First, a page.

The Jake Muzzin Situation
Photo credit:Mark J. Rebilas-USA TODAY Sports
1 year ago
I left work today with my phone at 1% battery, so I get to the car, plug my phone in, and I’ve got 10 notifications saying “Dance, CBA man, dance!” The people demand to know why Latvian legend Kristians Rubins and KHL stud Brennan Menell have emerged on the Leafs roster seemingly out of nowhere.
As you likely know by now, the Leafs recalled those two defencemen and subsequently loaned Rasmus Sandin to the minors. This was an attempt to get as close to the upper limit as possible before placing Jake Muzzin and his $5.625m cap hit on LTIR. In the most simple terms, teams do this because any unused cap space at the time a player is placed on LTIR is lost.
Typically this is demonstrated by saying a team has an $80m cap hit on an $81.5m upper limit. That team has a $5m player they want to put on LTIR, and no matter what, the day they place that player on LTIR they will have exactly $5m in cap space. If they make no roster moves, $1.5m is essentially lost. If they recall two players with a $750k cap hit before placing said player on LTIR, they still have $5m in cap space, but they can send those two players back down and have $6.5m in cap space.
For the most part, that’s accurate enough to get the point across. What it does not take into account, is accrued cap space. The upper limit effectively changes each day based upon how much cap space a team accrued the day before. Since the Leafs have accrued just over $100k, and there’s roughly 1/3rd of the season remaining, they could exceed the cap by ~$300k for the rest of the season and still be under $81.5m on the season average. That means they could effectively spend to ~$81.8m, and that is why they increased their daily cap hit to $81,773,949 today.
This is where things get tricky. From a bottom-up approach, the Leafs should be able to add $5.625m to that roster. The problem is that accrued space gets used before LTIR space, so their upper limit will quickly shrink back to $81.5m if they are using LTIR space. Remember, right now they have $300k effective accrued, with 66 days remaining. If they exceed their upper limit by $3m, that accrued space would run out in 1/10th of that time (7 days). As such, you have to look at it from the top-down. The Leafs were ~$25k under their upper limit when Muzzin was placed on LTIR, so their Accruable Cap Space Limit (ACSL) will be ~$25k under $81.5m.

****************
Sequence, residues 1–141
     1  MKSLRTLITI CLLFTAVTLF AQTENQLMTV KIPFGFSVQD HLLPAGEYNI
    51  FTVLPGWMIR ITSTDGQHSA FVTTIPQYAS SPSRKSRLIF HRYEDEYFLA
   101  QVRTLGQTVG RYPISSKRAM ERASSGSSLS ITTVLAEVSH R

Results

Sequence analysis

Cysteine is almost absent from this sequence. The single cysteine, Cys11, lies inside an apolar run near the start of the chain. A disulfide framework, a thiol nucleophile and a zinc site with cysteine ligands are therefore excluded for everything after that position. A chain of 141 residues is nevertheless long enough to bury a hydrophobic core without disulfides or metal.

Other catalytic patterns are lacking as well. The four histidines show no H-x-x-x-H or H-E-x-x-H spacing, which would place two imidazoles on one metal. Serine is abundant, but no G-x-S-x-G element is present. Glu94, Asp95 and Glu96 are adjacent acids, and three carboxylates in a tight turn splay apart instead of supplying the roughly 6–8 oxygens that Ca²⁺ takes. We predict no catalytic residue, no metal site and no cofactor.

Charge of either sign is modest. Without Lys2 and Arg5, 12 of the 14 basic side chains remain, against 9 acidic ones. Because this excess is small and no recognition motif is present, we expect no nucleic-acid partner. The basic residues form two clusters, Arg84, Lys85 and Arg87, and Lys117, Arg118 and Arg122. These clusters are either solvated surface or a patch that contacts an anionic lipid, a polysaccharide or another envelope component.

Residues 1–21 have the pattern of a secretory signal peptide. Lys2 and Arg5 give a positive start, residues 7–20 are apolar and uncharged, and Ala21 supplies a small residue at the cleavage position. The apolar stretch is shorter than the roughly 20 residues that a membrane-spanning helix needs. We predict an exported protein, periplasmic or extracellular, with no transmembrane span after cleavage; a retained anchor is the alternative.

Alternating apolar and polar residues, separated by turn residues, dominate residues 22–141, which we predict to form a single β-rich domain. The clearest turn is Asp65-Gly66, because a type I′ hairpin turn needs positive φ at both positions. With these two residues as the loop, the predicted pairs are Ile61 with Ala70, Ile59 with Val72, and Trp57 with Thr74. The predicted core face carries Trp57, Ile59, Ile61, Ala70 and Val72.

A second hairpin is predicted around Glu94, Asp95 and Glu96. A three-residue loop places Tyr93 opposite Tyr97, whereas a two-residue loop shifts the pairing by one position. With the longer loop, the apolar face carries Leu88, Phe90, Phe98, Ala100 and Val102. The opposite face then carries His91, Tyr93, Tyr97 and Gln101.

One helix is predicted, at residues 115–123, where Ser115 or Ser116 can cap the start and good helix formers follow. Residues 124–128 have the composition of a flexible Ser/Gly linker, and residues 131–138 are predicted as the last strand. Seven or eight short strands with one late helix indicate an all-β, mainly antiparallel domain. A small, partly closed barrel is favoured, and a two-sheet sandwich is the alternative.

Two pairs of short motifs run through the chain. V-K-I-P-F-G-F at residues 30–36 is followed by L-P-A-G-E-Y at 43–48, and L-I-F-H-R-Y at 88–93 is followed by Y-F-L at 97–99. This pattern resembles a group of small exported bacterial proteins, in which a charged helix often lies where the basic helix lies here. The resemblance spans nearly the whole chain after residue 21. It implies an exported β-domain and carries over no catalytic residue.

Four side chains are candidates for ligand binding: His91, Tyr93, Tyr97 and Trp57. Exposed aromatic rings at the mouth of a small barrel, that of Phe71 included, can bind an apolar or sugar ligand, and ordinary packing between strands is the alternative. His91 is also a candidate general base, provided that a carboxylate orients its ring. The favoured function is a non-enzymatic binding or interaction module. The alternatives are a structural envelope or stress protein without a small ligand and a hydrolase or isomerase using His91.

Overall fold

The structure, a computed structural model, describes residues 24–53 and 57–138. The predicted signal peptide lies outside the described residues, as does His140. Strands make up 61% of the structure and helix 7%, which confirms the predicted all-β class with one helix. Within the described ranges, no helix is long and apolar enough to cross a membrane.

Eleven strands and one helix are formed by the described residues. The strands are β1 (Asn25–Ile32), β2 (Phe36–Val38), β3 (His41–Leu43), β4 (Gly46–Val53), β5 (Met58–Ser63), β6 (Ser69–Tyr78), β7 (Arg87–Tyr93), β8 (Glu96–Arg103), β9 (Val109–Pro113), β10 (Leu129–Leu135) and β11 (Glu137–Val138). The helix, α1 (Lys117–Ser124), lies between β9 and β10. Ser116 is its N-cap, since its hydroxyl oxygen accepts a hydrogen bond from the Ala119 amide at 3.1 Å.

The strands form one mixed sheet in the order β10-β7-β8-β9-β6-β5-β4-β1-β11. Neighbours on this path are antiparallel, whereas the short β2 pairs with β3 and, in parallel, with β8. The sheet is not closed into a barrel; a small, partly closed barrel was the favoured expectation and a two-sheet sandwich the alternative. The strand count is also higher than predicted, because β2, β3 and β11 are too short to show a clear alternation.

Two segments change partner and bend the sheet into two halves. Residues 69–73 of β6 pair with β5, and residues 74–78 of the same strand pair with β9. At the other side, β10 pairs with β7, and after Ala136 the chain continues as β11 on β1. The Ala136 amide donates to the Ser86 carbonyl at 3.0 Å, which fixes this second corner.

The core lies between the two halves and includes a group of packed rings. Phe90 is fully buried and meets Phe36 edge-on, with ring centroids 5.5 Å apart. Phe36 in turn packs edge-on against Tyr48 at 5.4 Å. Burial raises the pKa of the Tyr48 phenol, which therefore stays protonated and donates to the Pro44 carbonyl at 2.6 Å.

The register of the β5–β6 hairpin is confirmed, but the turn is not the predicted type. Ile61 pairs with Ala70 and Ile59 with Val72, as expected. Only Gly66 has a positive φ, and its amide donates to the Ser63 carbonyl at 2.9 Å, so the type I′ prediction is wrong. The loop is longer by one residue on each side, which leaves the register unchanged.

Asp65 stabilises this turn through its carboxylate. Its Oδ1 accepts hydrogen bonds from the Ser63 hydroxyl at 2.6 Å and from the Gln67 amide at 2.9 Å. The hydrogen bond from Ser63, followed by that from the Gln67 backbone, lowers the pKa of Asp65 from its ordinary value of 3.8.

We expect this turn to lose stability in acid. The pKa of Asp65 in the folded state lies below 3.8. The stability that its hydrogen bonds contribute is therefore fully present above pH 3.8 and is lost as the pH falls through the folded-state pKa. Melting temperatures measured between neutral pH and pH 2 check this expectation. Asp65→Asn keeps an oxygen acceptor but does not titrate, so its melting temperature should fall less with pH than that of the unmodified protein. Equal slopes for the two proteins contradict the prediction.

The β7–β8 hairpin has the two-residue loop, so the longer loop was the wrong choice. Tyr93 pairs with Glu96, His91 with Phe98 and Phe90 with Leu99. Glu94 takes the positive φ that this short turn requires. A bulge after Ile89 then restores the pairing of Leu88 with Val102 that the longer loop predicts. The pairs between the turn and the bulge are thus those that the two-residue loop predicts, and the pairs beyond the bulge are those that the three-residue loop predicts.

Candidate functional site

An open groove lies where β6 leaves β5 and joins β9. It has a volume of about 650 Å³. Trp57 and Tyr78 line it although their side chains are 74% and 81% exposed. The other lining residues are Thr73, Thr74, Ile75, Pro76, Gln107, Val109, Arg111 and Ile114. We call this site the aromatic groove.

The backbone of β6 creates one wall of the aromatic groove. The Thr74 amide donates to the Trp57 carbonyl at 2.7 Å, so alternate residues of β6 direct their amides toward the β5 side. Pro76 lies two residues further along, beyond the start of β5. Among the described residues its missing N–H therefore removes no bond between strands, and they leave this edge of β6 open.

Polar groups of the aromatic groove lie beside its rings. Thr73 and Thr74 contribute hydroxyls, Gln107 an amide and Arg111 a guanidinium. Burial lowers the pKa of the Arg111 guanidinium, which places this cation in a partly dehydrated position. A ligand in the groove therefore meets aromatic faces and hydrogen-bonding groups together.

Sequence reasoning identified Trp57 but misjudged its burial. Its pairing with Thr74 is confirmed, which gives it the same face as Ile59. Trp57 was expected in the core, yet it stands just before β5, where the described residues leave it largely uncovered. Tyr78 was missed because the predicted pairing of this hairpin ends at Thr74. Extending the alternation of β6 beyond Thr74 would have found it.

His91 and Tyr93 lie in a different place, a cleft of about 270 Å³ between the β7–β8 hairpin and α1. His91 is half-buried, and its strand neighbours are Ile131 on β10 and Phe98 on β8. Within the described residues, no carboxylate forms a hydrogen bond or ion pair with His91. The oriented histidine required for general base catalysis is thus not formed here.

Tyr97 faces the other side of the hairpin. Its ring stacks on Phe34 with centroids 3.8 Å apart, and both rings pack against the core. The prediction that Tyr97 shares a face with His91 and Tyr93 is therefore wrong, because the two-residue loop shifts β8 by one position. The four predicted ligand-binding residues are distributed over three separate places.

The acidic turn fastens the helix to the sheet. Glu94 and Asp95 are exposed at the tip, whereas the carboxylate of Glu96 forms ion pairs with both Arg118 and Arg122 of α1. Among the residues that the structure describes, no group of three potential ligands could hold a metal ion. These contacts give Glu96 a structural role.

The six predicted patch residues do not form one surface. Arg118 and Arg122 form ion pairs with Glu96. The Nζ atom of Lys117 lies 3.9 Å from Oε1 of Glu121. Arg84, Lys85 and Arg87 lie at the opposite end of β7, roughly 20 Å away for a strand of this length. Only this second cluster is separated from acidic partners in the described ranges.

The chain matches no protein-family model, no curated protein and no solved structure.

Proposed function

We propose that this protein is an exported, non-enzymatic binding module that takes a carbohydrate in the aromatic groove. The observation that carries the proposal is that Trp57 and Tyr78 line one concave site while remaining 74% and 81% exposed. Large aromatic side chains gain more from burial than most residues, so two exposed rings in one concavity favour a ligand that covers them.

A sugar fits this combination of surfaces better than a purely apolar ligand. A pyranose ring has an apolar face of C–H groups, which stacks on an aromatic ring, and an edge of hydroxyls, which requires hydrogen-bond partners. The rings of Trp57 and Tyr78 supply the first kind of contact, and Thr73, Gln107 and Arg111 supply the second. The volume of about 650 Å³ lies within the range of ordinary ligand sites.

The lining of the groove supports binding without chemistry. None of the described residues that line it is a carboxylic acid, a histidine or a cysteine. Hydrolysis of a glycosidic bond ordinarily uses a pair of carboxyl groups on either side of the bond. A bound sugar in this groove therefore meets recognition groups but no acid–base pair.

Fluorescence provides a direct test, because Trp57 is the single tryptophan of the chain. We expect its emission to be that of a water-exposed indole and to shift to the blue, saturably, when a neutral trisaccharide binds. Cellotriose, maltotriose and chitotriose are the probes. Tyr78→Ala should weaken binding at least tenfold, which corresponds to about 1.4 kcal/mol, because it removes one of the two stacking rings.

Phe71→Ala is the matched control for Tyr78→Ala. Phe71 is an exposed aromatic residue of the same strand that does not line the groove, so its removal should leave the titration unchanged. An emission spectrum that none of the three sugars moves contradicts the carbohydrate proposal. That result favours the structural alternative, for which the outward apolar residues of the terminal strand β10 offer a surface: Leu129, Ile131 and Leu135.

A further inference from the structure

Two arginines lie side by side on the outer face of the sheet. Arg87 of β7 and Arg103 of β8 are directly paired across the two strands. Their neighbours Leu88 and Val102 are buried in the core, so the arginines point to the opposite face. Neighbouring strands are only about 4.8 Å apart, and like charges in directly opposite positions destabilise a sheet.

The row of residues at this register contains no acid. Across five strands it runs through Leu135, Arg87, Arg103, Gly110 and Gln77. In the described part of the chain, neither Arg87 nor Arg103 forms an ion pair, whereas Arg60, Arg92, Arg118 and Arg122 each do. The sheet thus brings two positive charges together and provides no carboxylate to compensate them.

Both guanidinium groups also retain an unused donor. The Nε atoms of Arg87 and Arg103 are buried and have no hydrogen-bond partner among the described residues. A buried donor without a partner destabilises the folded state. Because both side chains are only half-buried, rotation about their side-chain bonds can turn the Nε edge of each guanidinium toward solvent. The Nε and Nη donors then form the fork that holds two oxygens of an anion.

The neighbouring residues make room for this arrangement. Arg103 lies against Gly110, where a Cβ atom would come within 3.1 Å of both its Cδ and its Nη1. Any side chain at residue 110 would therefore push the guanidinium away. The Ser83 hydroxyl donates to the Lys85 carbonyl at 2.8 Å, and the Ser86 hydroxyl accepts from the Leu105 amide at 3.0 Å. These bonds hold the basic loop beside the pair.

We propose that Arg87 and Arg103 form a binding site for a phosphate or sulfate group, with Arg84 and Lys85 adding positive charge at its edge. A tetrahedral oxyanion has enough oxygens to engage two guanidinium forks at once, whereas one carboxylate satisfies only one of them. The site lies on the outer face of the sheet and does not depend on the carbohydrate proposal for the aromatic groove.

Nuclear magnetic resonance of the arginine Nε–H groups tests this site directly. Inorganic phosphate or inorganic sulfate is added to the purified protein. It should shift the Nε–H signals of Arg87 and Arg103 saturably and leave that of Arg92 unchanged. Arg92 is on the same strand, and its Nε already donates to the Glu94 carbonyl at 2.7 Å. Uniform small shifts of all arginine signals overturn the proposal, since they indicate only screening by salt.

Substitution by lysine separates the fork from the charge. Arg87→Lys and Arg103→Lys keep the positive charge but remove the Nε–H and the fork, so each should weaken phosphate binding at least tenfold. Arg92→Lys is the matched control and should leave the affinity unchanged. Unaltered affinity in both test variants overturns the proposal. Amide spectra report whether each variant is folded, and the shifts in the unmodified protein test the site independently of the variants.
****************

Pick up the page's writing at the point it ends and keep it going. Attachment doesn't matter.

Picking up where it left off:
It is incredibly difficult to get the exact number right for this, because you need to know the cap hit for each day’s roster. One missed or incorrectly categorized transaction at any point throws the whole thing off. That’s a tangent for another day though. By returning Rubins and Menell to the minors and recalling Sandin, the Leafs would have a $81,133,116 roster, which is notably below their ACSL by about $300k. That means if the Leafs place Muzzin on LTIR and return to yesterday’s roster, they will continue to accrue cap space and be able to add a $1m cap hit at the trade deadline, even if Muzzin returns during the regular season.
This means that Muzzin going on LTIR is no guarantee he is out until playoffs. It does allow the Leafs to temporarily exceed the upper limit in order to make trades before needing to waive or send someone down. It also means that Muzzin must miss 10 games and 24 days, so the earliest he can return is March 12th against Nashville. At that point there will still be 20 games remaining in the Leafs regular season. I want to make one thing clear, the Leafs cannot add more than $1m to their roster at the deadline unless Muzzin is out until the playoffs for certain. If he is out until playoffs, it’s worth noting that the Leafs utilized their LTIR space last season when Andersen was out until the playoffs.
What the Leafs do in the next couple days will be a great indicator of how long they expect Muzzin to be out. If they return to yesterday’s roster, they are back to accruing cap space. If they expect Muzzin to be out until playoffs, there is no reason to accrue cap space, and they might as well call up a full 23 man roster. Scenario A they can add ~$1m in cap hits at the deadline, scenario B they can add ~$6m. In either case there’s no pro-rating contracts, I’ve already done the math on that.
I’ve written this under the assumption Muzzin was placed on LTIR today (February 23rd), there’s no reason to spend two days with Rubins and Menell on the roster just to place Muzzin on LTIR tomorrow. I’ve already confirmed those roster moves were made before 5pm EST, so they could place Muzzin on LTIR today, and send Rubins and Menell back down tomorrow.
I also want to present the alternative case, where Muzzin stays on regular IR, and the Leafs keep accruing the extra $25k they lost by placing him on LTIR. There is not really a downside to this because if it becomes apparent Muzzin will be out until the playoffs, he can be placed on LTIR at any time to accommodate additional cap hits. There are two reasons to put Muzzin on LTIR so soon then: an imminent trade, or the Leafs felt this was the easiest time to set an ACSL, as other injuries could complicate the process.
Note: The reason Sandin was sent down instead of Timothy Liljegren, is because Liljegren has $400k in Performance Bonuses. If he is not on the roster when the ACSL is set, his potential PBs will be taken out of the LTIR pool. Even though his cap hit is lower and therefore sending him down instead would keep the Leafs tighter to the cap, Sandin has no PBs and therefore a lower overall cost when being added back to the roster.
Recent articles from Earl Schwartz